Sunday, October 18, 2009

Climbing Mount Kilimanjaro

Climbing Mount Kilimanjaro was truly the most difficult physical challenge I have ever experienced. I feel like Kilimanjaro is “marketed” as a mountain anyone can climb. Frankly, I’m shocked that so many people actually climb this mountain every year. It was extremely difficult. And I consider myself relatively physically fit.

Day 5 of our trek – allow me to set the scene. First, the altitude had been causing headaches, loss of appetite, and seriously irregular digestion; hence we hadn’t eaten much of our last few meals so we didn’t have much energy to start the final ascent. Second, the summit ascent is by torchlight and you leave at midnight and arrive in the midmorning, so add sleep deprivation to the mix. Third, you have to trudge up loose volcanic scree (did I mention in the dark?) which means every step up is also half a step back down. Fourth, the air at the top contains only 50% of the oxygen of air at sea level, so just breathing is challenging. And fifth, it was freezing. At the summit I noticed that the corners of Kruti’s lips and eyes had a bluish tint due to lack of oxygen. That day my pulse had been more than 120 beats per minute for at least 12 straight hours (not sure whether that is good or bad for my health).

But six hours into our final ascent as the sun rose over the jagged peaks of Mawenzi and the bed of clouds below, I started to feel emotional and tear up. It was probably due to the combination of sleep deprivation and physical exhaustion, but it was also one of the most spectacular views I have ever seen. It was uplifting, and it gave me a second wind. At 9:20am we finally made it to Uhuru Peak, 5895 meters/19,345 feet, the highest point in Africa. Adrenaline and determination got us there, but once there I had little motivation and energy to come back down. As we started our descent our guide Mussa asked if I was feeling ok, and I replied, “Yes, why, don’t I look ok?” (I thought, perhaps the color of my face had turned from brown to a smurf-ish blue). Mussa responded, “You’re walking like a drunk man.” I don’t remember ever feeling so extremely tired, weak, and completely used up. Luckily we could ski down the volcanic scree so what took us nine hours up only took three hours down. And then we had to walk another 3-4 hours to our next campsite. Brutal.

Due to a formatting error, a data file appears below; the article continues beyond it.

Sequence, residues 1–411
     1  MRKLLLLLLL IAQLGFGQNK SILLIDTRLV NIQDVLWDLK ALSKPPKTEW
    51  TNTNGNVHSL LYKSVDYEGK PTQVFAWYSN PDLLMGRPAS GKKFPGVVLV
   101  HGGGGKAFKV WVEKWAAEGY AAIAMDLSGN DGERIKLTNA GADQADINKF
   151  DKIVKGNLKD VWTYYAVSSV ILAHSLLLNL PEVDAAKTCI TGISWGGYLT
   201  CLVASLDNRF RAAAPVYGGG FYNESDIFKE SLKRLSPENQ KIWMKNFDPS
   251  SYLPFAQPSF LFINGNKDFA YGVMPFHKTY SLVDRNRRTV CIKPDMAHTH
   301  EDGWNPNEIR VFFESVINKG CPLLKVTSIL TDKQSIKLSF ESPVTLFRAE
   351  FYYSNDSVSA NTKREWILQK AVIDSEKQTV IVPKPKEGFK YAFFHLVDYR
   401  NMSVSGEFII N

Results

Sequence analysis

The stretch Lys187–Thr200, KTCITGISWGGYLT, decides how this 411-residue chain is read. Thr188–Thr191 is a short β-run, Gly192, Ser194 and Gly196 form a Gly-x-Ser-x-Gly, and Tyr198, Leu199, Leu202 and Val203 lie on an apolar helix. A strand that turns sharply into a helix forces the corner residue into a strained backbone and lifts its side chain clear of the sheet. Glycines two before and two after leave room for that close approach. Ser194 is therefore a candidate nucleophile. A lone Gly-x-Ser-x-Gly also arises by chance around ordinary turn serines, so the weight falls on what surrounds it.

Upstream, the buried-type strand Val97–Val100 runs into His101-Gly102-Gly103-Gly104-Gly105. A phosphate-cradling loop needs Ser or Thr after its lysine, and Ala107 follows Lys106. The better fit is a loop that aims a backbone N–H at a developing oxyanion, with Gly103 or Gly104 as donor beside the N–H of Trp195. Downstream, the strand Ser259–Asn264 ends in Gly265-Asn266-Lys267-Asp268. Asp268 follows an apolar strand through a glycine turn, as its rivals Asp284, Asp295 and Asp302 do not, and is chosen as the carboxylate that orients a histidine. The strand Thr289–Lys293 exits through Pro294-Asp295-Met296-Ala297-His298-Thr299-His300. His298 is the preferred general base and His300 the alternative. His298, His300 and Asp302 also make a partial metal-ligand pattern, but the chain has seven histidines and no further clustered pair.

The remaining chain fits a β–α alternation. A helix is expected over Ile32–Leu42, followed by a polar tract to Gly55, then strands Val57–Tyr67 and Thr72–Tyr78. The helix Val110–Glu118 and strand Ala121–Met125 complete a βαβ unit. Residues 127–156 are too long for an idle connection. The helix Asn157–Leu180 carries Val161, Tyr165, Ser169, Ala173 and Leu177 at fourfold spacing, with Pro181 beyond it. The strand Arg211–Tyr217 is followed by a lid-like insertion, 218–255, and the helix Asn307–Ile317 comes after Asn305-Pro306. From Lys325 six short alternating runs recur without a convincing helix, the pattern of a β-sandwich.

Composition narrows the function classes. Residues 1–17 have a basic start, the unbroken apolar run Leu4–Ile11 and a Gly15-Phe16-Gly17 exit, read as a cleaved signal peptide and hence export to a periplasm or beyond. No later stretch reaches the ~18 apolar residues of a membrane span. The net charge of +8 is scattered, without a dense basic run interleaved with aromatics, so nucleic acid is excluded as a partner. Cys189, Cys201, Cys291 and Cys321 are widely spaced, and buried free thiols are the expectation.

We’ve been talking about our climb pretty much everyday since. It was one of those experiences. Kruti and Salil agree with the consensus – happy they did it, but they would never do it again. Me? Perhaps it was because my altitude sickness was milder or because my memory is shorter, but if Jay (my brother) wanted to climb Kilimanjaro and needed a companion, I’d do it again.


  1. amazing adventures you guys are having... and amazing photos!

    amazing accomplishments! bravo!

  2. Thanks gab!, come meet up with us somewhere.

  3. great job bhaiya !! You guys are rocking ! You adventures are awewsome !

  4. Thanks Shruti. Are you coming to India in December for the wedding?

  5. Awesome story vip! Incredible photos! See you in Egypt bro!

  6. Hi, I have been planning to do Kili as well, just wanted to know if you people are experienced mountain climbers? or have had any prior mountain climbing experience? I'm fairly physically fit. Do we need some dedicated mountain climbing experience?

    Again, great photographs. I'm so inspired by you guys.


  7. Hi Anonymous/Preeths, thanks for your note. Neither Kruti nor I had ever climbed a mountain like Kilimanjaro before; if you're fairly physical fit, you'll be fine. Enjoy!